The Brown Pea Story

In medieval times – before potato was introduced from the New World – brown peas, barley and beans were the staple food in Europe. Latvians have eaten brown peas for centuries and they are still offered today in Latvian national dishes and are available in any ordinary supermarket.

Brown peas are stored in a dry state. Rinse them before cooking, pour them with cool water and leave them to soak for a night. Next day, pour water, rinse again, put in a kettle with clean water and cook on low heat. Broth, onions, spices and garlic can be added. Flavouring with thyme and rosemary, oregano or sage has become popular. Shortly before the peas are ready, salt is added.

Brown Peas are brown.

Pulses, including peas, contain a lot of fibre, carbohydrates and protein. They are a rich source of vitamins – containing vitamins B, C, E, fatty acids and various essential minerals. For centuries people believed that peas contain substances that favourably affect the cardiovascular system and renal function, reduce cholesterol levels, increase resistance to breast cancer, stabilize female hormones, help with premenstrual syndrome and menopause. They are recommended for women who are planning a pregnancy.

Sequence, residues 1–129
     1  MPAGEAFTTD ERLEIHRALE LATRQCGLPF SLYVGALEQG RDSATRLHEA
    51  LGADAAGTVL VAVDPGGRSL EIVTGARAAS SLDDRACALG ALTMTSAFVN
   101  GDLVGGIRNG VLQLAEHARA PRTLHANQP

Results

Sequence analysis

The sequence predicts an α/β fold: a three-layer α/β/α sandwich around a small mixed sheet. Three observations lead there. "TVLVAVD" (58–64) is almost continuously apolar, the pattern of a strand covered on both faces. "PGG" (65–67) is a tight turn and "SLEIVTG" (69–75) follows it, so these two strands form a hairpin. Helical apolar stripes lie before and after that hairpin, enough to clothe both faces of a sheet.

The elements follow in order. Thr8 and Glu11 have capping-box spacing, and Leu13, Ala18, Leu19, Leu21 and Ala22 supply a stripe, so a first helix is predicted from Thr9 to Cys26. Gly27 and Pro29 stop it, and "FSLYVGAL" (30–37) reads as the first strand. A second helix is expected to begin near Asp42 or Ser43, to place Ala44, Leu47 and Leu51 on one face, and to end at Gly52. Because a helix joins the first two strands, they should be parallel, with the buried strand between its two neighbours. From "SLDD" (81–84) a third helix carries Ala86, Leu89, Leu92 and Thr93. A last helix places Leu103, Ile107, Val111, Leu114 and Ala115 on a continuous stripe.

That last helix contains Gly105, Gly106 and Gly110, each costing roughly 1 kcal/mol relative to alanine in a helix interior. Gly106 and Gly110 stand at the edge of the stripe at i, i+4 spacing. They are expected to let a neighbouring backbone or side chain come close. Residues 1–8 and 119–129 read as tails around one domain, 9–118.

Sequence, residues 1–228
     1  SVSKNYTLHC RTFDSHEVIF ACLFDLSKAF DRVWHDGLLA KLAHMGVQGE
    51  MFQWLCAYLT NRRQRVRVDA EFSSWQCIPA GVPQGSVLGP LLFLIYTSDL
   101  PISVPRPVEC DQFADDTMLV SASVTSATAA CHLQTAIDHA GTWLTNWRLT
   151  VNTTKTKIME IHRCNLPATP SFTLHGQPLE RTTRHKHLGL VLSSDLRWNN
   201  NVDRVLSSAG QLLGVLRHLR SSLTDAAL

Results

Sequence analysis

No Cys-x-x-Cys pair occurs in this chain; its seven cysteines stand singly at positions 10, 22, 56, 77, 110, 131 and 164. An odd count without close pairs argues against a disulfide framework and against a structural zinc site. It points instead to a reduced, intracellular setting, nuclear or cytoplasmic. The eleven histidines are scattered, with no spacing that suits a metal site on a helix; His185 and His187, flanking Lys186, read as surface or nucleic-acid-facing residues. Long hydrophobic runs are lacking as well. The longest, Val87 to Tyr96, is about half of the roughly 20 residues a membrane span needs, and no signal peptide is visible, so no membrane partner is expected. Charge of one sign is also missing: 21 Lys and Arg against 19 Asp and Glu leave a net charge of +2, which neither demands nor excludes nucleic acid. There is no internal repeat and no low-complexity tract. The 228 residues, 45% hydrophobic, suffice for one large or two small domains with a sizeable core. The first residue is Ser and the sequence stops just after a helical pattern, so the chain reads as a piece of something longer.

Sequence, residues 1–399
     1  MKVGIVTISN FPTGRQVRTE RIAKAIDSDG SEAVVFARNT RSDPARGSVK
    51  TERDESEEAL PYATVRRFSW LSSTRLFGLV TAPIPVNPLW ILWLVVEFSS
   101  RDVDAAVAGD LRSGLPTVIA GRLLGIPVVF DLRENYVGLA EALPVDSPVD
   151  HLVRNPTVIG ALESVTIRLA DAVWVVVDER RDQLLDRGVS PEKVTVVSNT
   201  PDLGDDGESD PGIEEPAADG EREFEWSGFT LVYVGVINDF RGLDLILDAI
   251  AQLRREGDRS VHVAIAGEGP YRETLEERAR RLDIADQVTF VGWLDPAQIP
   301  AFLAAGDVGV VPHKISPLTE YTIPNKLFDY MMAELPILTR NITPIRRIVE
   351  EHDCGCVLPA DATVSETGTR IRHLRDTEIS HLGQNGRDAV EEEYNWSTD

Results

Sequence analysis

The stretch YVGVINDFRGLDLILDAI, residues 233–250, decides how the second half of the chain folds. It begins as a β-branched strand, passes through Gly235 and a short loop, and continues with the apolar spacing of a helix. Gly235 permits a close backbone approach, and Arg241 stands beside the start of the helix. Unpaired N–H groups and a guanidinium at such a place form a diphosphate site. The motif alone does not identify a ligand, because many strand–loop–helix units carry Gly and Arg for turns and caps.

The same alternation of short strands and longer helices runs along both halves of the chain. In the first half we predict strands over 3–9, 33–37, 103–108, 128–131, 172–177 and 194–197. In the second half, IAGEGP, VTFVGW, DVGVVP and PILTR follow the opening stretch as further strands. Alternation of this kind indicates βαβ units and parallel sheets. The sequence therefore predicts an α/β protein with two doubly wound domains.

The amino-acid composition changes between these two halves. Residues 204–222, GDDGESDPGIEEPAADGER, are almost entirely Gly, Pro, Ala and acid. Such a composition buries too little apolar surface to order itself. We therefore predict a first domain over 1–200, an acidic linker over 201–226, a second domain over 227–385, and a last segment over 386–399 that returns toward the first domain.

Brown peas are savoury, healthy and delicious. A classical Latvian dish is the traditional Christmas food – cooked brown peas with fried bacon and onions. Also fried peas are popular food. These are brown peas cooked in an oven or fried on a pan. Brown pea balls are made from minced boiled peas and potatoes. Chopped boiled peas may also be mixed with minced meat. All those pea dishes are very delicious with buttermilk or kefir. Likewise, brown peas can be added to soups, puree or salad. It is safe to say that brown peas are a truly national Latvian dish.

An Ancient European Crop

In our travels around Europe we have found out that actually brown peas can be found everywhere although they are largely disappearing. We think that Brown Peas (also called Grey Peas, Pois Gris or Kapuziner Erbsen) were the dominating type of peas all over Europe in the medieval times. Then yellow peas and green peas took over. Now Aloja Starkelsen has multiplied organic Brown Pea seeds for several years and Latvia is surely the biggest producer of Brown Peas in Europe, combining the use in traditional dishes and now industrial production of organic pea protein. What could be better and more nutritious than organic pea protein and flour made from ancient brown pea varieties? 

Organic Brown Pea field in Latvia.